In 2014, national curriculum levels were removed from the primary curriculum. In a speech, Nick Gibb said, “Levels have been a distracting, over-generalised label, giving misleading signals about the genuine attainment of pupils.”

Schools were told to develop their own assessment schemes ‘matched to the timing and content of their school curriculum’ that ‘provide clear evidence of attainment and progression.’

The important aspect of the assessment reform, in my opinion, boils down to one key sentence: to develop your own assessment scheme ‘requires effort and expertise’. After 26 years of using national curriculum levels, the majority of teachers had never used an assessment system without levels.

How was every school, therefore, meant to have the expertise to create their own? Schools turned to external assessment systems to help, and although these can be used effectively, they can also be used in a way that still contains the same demands that were placed on teachers before when it comes to data collection.

So how can we ensure that our assessment is purposeful? Simply put, we need to focus on the following five basics…

1 | Assess starting points

Assessments at the start of maths topics take different forms. Recently, there’s been a surge of schools setting ‘hot and cold’ tasks, with children undertaking similar (sometimes identical) questions at the start and end of topics.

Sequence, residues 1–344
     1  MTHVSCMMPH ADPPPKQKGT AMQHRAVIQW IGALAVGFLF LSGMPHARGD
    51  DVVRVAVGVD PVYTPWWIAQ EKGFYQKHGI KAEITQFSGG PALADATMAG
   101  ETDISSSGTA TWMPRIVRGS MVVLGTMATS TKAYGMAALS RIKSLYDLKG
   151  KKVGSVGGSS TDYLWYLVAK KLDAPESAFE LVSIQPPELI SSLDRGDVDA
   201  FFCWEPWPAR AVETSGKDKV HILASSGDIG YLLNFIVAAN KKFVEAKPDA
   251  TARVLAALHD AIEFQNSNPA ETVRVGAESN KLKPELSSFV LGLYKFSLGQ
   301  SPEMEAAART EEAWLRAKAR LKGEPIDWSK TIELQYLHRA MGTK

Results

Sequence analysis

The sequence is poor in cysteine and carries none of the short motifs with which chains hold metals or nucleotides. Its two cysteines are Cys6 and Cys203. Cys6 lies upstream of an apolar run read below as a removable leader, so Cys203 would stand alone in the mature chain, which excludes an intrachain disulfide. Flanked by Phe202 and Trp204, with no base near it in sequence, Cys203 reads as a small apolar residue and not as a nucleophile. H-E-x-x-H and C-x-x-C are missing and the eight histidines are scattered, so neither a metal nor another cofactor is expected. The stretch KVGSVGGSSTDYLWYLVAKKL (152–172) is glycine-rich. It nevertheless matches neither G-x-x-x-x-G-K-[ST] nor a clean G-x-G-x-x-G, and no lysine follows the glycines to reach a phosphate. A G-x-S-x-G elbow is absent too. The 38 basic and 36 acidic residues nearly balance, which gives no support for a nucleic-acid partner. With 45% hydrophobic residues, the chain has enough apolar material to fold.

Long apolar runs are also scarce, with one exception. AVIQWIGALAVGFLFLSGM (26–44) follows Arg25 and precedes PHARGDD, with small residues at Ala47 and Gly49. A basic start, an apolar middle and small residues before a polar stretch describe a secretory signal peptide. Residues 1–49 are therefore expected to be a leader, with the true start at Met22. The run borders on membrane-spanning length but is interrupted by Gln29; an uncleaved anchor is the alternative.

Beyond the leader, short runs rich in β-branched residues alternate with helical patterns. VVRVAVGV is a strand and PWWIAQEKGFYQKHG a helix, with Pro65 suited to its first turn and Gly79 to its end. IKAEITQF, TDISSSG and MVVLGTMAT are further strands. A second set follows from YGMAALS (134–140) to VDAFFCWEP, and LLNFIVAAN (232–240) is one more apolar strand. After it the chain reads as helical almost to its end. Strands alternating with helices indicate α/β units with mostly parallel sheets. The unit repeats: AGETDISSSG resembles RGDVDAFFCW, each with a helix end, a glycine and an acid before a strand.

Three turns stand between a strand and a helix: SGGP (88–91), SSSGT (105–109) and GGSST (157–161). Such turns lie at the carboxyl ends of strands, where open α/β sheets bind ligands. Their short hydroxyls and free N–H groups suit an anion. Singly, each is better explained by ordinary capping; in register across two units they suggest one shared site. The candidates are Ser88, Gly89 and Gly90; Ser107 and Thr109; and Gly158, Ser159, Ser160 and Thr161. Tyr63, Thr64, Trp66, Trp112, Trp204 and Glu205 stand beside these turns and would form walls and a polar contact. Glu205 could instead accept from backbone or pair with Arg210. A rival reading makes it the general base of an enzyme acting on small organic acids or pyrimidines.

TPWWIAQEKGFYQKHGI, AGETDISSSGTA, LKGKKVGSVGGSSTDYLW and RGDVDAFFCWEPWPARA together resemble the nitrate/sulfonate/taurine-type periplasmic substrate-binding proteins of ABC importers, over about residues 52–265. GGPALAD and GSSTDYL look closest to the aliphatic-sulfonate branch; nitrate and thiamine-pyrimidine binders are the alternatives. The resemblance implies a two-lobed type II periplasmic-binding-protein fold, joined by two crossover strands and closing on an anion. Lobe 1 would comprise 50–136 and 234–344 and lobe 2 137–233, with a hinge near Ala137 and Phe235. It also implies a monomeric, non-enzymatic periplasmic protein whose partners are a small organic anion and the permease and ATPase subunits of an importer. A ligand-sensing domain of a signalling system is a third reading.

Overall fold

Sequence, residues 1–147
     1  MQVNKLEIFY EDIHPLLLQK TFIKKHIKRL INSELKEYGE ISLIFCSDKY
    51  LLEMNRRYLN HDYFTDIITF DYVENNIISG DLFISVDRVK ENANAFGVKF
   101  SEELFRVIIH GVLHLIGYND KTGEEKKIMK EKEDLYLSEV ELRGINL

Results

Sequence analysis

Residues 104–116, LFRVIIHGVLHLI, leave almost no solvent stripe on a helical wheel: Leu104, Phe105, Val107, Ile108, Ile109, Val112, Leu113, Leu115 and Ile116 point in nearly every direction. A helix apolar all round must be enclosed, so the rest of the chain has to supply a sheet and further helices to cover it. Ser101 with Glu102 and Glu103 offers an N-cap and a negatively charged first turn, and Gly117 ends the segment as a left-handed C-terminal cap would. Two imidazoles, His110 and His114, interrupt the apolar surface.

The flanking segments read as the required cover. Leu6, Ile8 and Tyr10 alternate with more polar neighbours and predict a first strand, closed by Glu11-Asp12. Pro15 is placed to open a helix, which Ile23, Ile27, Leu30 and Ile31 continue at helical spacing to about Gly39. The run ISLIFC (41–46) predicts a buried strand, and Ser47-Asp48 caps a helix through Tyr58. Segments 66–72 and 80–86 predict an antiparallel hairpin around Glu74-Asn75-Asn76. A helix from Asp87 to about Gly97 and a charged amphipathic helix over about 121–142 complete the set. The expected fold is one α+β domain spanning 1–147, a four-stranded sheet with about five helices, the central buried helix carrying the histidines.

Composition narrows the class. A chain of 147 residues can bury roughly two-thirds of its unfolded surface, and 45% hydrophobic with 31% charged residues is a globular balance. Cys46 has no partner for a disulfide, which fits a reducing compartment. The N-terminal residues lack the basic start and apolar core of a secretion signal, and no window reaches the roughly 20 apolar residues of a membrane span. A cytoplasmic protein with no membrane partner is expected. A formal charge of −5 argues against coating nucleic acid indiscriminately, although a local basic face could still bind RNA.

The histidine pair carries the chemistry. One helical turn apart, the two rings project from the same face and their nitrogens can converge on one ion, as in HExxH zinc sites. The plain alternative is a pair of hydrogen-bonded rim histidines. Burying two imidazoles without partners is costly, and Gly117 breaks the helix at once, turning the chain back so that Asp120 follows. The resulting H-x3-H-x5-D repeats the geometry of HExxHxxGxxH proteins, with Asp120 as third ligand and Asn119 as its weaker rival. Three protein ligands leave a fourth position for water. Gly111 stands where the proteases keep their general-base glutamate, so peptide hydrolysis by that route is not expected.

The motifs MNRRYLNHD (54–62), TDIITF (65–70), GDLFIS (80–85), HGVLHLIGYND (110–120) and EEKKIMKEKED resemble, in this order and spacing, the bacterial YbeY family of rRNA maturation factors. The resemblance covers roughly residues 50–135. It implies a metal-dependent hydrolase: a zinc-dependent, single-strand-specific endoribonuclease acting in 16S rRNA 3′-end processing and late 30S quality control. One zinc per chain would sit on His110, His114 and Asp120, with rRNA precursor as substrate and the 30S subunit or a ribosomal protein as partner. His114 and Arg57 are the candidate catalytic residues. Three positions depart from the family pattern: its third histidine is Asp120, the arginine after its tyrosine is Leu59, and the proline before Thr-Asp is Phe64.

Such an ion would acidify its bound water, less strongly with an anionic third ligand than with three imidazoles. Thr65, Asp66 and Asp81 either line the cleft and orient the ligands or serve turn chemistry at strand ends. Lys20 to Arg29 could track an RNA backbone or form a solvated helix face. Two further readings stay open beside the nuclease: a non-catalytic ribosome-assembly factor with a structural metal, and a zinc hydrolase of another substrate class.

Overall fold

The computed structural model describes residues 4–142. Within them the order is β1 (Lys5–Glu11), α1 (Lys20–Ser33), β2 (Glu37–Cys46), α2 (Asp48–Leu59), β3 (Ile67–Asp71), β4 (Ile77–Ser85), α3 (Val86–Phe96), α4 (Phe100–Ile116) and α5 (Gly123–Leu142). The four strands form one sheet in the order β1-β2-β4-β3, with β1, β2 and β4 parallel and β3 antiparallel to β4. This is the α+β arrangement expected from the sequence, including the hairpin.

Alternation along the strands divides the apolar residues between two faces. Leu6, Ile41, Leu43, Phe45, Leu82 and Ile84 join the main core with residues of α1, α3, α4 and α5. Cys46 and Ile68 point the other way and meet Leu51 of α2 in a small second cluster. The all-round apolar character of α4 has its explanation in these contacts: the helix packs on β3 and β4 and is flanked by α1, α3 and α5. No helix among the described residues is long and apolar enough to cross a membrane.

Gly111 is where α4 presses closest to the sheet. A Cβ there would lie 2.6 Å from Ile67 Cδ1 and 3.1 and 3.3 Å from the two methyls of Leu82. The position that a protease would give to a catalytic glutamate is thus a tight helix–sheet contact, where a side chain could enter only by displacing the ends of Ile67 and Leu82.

Often these tasks show progress, but how do they impact the learning? Instead of assessing what children haven’t yet been taught, focus on what the children should already know.

Assess pupils one to two weeks before the start of your topic on previous years’ content then use these results to plan your next steps. Which children need intervention before the topic to catch them up? Are there any areas where all pupils have gaps in understanding?

2 | Get them talking

When planning, we need to carefully consider the steps needed to achieve objectives. It’s important to highlight common misconceptions and ensure our teaching addresses this. Ongoing assessment in lessons can take many forms, but one key aspect is talk.